WP8 worked with the other Work Packages within SHARP and relevant stakeholders including ECDC and WHO EURO, adapted and developed several training material and curricula to strengthen IHR core capacities. WP8 is also developing curricula for basic and advanced face-to-face and online training. Training material were translated into most EU language and are available on a dedicated training platform (SHARP JA Training Platform (batut.org.rs): EduSHARP: All courses (batut.org.rs)).
- Work Package 9: Recommendations to set up a European chemical laboratory network to respond to serious chemical health threats;
WP 9 worked on a report to evaluate the desirability and feasibility of establishing a European chemical laboratory network to respond to serious chemical health threats. This assessment involves a gap analysis of chemical capacities in European countries, an examination of existing relevant networks, and outlines the need for further study to assess the network’s size, scope, technical requirements, costs, and funding. Addressing chemical health threats is a priority at both EU and global levels, as evidenced by EU regulations and initiatives like the Joint Action TERROR and the Global Health Security Initiative. Options for sustainability include further exploration of the network’s feasibility at the EU and global levels.
- Work Package 9: Chemical safety and chemical threats: SOPs on chemical health threats;
To ensure a baseline competency among EU Member States in dealing with cross-border chemical health threats, WP9 developed Standard Operating Procedures (SOPs) on various chemical-related topics. The SOPs cover surveillance, risk analysis, multisectoral collaboration, decontamination, sampling and detection, and recovery. Addressing chemical health threats is a priority at both EU and global levels, making these SOPs crucial for preparedness and response.
- Work Package 10: Mapping existing High-Level Isolation Units likely to be dealing with rare or new high-consequence infectious diseases and for an expert clinical support service for high-consequence infectious diseases;
WP 10 undertook a mapping of clinical preparedness tools for hospital preparedness and capacity in dealing with high consequence infectious diseases. A referral network was proposed that would identify national centres as clinical referral units and as providers of remote clinical consultations. WP 10, in collaboration with WP5, aimed to define the characteristics of an expert clinical consultation, support service and to elaborate technical recommendations. A feasibility study was conducted which proposes the establishment of a permanent reference network of clinical experts on HCIDs recruited from HLIUs across Europe that would replace present informal networks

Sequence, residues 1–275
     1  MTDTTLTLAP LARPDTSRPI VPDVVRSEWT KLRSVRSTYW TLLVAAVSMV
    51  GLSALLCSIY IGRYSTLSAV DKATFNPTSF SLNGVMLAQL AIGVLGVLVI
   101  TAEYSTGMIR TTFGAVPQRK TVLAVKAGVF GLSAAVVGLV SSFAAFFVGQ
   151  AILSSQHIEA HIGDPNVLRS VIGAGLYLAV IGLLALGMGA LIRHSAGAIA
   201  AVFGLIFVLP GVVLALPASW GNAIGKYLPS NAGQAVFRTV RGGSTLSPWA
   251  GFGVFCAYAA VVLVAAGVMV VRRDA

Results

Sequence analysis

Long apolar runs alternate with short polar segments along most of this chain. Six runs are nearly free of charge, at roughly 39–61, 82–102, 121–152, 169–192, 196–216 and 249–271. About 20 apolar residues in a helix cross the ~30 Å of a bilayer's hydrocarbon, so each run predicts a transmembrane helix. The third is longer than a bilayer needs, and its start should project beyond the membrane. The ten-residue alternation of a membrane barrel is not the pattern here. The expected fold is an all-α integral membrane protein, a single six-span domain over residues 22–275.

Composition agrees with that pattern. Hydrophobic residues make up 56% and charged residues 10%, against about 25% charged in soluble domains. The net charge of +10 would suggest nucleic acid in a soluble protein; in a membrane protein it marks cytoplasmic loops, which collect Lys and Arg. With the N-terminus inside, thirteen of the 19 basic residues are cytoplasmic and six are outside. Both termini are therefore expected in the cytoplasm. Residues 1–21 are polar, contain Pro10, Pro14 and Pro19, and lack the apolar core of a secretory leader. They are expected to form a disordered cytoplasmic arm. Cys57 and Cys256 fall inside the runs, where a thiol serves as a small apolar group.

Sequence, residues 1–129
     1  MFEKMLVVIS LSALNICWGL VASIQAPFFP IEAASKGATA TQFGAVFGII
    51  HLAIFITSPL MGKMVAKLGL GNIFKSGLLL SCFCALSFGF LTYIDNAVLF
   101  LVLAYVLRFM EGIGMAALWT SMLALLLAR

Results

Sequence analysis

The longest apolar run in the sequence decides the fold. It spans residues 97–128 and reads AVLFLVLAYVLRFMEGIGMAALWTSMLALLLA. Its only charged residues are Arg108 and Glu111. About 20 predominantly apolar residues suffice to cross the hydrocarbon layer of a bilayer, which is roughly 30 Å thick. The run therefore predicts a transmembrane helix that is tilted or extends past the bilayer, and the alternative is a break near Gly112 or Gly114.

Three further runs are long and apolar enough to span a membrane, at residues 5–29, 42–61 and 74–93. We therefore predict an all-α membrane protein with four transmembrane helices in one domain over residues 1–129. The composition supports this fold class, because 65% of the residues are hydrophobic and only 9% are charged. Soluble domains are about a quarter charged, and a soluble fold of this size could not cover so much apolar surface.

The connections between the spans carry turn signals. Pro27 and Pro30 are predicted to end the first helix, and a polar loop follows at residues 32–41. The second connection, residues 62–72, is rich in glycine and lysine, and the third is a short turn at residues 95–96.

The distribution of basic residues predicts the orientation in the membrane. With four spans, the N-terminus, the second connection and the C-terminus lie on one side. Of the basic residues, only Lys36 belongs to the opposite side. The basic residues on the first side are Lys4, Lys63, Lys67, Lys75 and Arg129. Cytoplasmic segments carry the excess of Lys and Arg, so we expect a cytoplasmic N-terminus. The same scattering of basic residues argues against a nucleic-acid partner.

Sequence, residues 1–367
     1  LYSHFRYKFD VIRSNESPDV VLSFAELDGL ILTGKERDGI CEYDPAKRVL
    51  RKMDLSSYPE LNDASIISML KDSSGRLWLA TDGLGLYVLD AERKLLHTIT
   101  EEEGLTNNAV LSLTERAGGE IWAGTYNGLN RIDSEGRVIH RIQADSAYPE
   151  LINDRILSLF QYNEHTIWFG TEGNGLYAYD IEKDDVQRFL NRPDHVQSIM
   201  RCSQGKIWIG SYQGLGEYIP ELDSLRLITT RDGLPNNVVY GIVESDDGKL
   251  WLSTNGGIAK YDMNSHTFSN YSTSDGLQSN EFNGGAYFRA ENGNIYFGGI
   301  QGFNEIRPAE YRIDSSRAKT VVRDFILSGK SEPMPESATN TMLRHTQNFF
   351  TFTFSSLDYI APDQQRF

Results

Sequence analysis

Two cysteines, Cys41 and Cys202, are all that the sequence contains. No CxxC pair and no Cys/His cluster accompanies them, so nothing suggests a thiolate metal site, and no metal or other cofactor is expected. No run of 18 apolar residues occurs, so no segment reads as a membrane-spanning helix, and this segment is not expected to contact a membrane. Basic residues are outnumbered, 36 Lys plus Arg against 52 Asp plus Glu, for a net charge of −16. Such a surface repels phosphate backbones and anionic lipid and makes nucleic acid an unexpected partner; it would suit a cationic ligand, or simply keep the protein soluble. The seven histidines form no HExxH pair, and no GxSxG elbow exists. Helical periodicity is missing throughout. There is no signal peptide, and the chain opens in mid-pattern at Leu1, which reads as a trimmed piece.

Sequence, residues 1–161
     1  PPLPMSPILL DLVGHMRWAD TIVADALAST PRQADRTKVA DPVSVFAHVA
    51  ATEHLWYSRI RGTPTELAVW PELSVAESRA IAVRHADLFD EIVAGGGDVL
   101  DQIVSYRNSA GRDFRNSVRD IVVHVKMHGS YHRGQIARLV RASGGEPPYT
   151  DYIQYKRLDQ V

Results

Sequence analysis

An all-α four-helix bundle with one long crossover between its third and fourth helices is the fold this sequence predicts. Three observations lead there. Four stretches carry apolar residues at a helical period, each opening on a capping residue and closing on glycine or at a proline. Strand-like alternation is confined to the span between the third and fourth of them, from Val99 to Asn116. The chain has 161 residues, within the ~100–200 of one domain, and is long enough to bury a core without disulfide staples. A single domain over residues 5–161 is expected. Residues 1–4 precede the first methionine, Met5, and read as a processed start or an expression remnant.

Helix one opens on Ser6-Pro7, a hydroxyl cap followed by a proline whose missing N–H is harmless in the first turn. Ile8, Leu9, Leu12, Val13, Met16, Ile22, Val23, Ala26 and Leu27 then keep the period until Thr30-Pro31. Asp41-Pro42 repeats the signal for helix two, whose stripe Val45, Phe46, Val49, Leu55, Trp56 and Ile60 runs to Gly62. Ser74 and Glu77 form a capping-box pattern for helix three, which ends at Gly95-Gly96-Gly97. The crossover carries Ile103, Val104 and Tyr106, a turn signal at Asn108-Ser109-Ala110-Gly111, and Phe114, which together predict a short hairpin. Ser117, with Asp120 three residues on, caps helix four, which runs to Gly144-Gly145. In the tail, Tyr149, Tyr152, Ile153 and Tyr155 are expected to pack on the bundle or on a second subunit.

- Work Package 10: Recommendations on the implementation of a syndrome-based clinical protocol.
WP10 developed a “syndrome-based” approach for the early clinical management of highly contagious infectious diseases (HCID). This approach includes specific disease lists and protocols designed for HCID patient management in Emergency Departments. Its implementation aims to enhance healthcare personnel’s preparedness and response capabilities for HCID cases, focusing on efficient triage, standardized processes, effective isolation, and protection against occupational exposure risks. The protocol aligns with ECDC’s operational checklist for imported HCID cases, enhancing national preparedness. Integrating WP10’s protocol into WHO EURO’s Preparedness 2.0 framework at the Pan-European level would further strengthen regional preparedness and response for HCID outbreaks.
WP4 (Sustainability) elaborated a report as a guide for Member States and, where relevant, the EU and WHO EURO, aiming to integrate the JA-SHARP priority outcomes into national policies, EU or regional policies and plans through operational measures. The report seeks to ensure the sustainability of these priority outcomes through relevant national, EU, pan-European, or international bodies. Read the D4.2-Sustainability-report-final (PDF 609KB).
Building on this work, sustaining SHARP priority outcomes will further enhance national, EU, pan-European, and global endeavours in preparedness and response. This support aligns with common priorities identified at all levels, including the strengthening of preparedness and response evaluation, planning, and capacities; fostering cross-border collaborations; promoting a multisectoral approach; facilitating training and capacity building; and enhancing laboratory capabilities.
Read more on the experts involved, objective, outputs, activities and deliverables for each of these work packages under the SHARP work packages – SHARP Joint Action (sharpja.eu) pages.